Linking off-target kinase pharmacology to the differential cellular effects observed among PARP inhibitors
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Albert A. Antolín1, and Jordi Mestres1
1 Systems Pharmacology, Research Program on Biomedical Informatics, IMIM Hospital del Mar Medical Research Institute and Universitat Pompeu Fabra, Doctor Aiguader 88, 08003 Barcelona, Catalonia, Spain
Jordi Mestres, email:
Keywords: PARP inhibitors, off-target pharmacology, kinase profiling, drug combinations, biomarkers
Received: January 10, 2014 Accepted: March 9, 2014 Published: March 10, 2014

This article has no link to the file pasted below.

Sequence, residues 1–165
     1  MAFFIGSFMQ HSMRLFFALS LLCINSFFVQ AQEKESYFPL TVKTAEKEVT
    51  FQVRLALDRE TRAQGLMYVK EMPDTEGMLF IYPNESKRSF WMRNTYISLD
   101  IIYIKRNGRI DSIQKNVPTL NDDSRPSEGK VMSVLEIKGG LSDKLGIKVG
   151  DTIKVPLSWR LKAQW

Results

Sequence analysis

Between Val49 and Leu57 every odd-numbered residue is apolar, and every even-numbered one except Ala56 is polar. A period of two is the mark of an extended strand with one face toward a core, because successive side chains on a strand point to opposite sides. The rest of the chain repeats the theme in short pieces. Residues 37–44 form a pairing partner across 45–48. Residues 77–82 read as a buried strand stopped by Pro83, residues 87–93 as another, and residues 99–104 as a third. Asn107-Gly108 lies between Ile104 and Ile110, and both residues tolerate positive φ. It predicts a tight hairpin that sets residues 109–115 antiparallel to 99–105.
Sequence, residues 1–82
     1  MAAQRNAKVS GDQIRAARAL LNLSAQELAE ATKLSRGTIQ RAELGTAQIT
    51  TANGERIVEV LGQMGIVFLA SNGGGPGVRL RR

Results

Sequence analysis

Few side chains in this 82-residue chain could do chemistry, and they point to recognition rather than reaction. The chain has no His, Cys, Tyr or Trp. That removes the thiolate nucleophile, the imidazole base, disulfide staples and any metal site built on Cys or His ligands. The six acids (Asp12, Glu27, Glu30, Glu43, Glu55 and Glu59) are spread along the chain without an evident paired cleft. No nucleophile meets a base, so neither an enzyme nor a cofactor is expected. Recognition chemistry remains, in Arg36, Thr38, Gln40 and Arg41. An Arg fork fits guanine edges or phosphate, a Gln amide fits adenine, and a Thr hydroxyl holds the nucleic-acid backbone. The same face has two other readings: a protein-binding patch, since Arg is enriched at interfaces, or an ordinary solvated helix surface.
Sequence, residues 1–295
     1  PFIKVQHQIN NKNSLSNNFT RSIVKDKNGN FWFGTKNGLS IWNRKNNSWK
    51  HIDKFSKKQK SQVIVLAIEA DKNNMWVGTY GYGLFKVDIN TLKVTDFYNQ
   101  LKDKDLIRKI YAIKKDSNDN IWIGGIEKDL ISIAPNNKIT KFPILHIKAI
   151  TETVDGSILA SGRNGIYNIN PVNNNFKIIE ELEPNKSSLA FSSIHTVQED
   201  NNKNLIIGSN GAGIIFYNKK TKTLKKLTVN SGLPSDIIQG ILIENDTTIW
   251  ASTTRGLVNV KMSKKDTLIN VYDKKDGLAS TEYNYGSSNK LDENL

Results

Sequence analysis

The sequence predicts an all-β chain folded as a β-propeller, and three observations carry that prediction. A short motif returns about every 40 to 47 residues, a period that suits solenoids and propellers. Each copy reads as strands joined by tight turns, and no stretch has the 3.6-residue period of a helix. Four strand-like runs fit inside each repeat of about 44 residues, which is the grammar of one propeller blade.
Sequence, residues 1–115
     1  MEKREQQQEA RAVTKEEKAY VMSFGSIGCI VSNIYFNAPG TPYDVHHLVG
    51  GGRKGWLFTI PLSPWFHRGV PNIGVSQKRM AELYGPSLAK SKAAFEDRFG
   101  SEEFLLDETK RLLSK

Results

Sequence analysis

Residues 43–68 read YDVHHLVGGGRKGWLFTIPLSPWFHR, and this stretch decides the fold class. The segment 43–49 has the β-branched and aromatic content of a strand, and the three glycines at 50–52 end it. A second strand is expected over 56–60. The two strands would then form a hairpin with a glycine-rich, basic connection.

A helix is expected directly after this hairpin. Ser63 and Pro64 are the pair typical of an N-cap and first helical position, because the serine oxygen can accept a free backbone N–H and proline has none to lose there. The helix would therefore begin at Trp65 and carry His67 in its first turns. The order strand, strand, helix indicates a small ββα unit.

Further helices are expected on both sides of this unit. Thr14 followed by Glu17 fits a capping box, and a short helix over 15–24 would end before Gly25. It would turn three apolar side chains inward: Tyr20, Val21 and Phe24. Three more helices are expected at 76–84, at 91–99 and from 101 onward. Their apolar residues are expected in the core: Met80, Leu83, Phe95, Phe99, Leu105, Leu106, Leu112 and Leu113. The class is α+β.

PARP inhibitors hold promise as a novel class of targeted anticancer drugs. However, their true mechanism of action is still not well understood following recent reports that show marked differences in cellular effects. Here, we demonstrate that three PARP drug candidates, namely, rucaparib, veliparib, and olaparib, have a clearly different in vitro affinity profile across a panel of diverse kinases selected using a computational approach that relates proteins by ligand similarity. In this respect, rucaparib inhibits nine kinases with micromolar affinity, including PIM1, PIM2, PRKD2, DYRK1A, CDK1, CDK9, HIPK2, CK2, and ALK. In contrast, olaparib does not inhibit any of the sixteen kinases tested. In between, veliparib inhibits only two, namely, PIM1 and CDK9. The differential kinase pharmacology observed among PARP inhibitors provides a plausible explanation to their different cellular effects and offers unexplored opportunities for this drug class, but alerts also on the risk associated to transferring directly both preclinical and clinical outcomes from one PARP drug candidate to another.
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